Digest – Blogs: Lawyer eyes raw milk wars, reporter eyes pasteurized milk outbreak
Marler for the cause: We've been enjoying the blog of personal-injury lawyer Bill Marler, aka the E. Coli Avenger, right up until when he started talking about raw milk as if it were a weak antelope falling behind the rest of the herd. (By the way, Mr. Marler, downloading and posting the Ethicurean's photo of Organic Pastures raw milk without attribution is in violation of our Creative Commons license. Tsk, tsk.) First he suggests that the lawsuit might have to do with how raw milk sells for $6 per gallon more than pasteurized milk. Hmm. Could it be that it costs so much more because raw-milk dairies (in California at least) raise their animals on pasture, without milk-stimulating growth hormones, and have to bend over backwards to ensure hygienic facilities, unlike those who can just nuke their milk and kill everything in it? Having posted a few days ago on illness outbreaks in pasteurized milk, Marler should know that risk exists regardless.
Let's ban pasteurized milk: Reporter/blogger David Gumpert looks at the difference in the state's response to the listeria found in the pasteurized milk of Whittier Farms, a small high-quality operation in Massachusetts, that killed two men and caused a miscarriage, compared to its swift handling of any raw-milk suspects. (The Complete Patient)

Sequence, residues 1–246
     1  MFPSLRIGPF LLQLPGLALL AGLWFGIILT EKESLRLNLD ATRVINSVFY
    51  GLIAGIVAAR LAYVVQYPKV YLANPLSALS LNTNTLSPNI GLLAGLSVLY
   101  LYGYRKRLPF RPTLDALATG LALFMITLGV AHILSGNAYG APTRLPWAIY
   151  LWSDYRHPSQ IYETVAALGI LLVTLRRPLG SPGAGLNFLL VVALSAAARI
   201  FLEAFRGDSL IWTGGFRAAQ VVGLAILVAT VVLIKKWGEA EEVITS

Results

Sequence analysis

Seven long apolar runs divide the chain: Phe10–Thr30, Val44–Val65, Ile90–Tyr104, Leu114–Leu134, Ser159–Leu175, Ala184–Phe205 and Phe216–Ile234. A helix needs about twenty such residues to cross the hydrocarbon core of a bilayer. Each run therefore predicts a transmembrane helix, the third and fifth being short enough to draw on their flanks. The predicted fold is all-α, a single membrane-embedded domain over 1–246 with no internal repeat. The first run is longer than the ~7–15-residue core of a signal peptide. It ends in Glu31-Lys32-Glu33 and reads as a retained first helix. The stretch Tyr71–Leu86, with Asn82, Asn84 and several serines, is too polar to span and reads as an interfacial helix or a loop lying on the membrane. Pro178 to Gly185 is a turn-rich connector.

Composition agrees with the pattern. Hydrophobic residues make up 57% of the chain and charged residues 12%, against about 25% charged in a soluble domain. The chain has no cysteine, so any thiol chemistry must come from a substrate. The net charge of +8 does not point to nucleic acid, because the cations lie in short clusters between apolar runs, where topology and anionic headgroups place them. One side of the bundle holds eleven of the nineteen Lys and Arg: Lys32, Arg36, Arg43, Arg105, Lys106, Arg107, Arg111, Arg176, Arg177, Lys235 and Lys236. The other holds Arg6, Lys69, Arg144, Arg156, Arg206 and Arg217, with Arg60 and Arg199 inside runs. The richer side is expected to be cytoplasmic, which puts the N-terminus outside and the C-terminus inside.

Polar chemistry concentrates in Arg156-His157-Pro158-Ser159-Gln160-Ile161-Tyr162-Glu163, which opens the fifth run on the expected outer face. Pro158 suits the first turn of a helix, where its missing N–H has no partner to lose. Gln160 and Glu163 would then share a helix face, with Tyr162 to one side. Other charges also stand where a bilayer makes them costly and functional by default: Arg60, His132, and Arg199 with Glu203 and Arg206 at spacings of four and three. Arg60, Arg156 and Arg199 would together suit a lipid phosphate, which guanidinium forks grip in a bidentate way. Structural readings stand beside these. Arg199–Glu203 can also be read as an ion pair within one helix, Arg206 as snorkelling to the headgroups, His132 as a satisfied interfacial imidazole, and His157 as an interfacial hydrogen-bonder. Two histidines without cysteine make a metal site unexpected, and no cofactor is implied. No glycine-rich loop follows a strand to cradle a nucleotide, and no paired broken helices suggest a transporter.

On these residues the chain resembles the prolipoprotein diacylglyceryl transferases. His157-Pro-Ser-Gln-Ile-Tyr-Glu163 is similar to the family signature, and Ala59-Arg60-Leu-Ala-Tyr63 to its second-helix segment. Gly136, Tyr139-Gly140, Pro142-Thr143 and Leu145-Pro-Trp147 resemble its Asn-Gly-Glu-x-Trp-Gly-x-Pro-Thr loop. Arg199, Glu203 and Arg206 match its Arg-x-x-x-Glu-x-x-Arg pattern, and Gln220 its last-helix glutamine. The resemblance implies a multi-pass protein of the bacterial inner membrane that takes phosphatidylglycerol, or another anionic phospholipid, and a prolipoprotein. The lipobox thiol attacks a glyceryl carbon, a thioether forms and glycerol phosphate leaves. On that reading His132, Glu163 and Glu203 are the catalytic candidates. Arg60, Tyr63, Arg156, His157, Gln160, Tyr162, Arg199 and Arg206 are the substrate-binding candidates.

Defending organic's integrity: Elaine's list of the top organic stories, events and trends of 2007 is a smart one, with a some sage words of advice. Under No. 7: "a war of words about what organic is supposed to mean has been centered on dairy, but it's gone far beyond that too, leaving too many people thinking that organic doesn't mean anything. The organic community must elevate its dialogue about this issue above its destructive tone." (Organic Confidential)
A two-prawned strategy: What it means that Oregon's pink shrimp fishery has been certified sustainable by the Marine Stewardship Council. (WorldChanging)
Once there were parking lots…: Great photos of how farmland could be integrated into blighted urban settings, from the "Urban Voids: Grounds for Change" competition in 2006. (TreeHugger)
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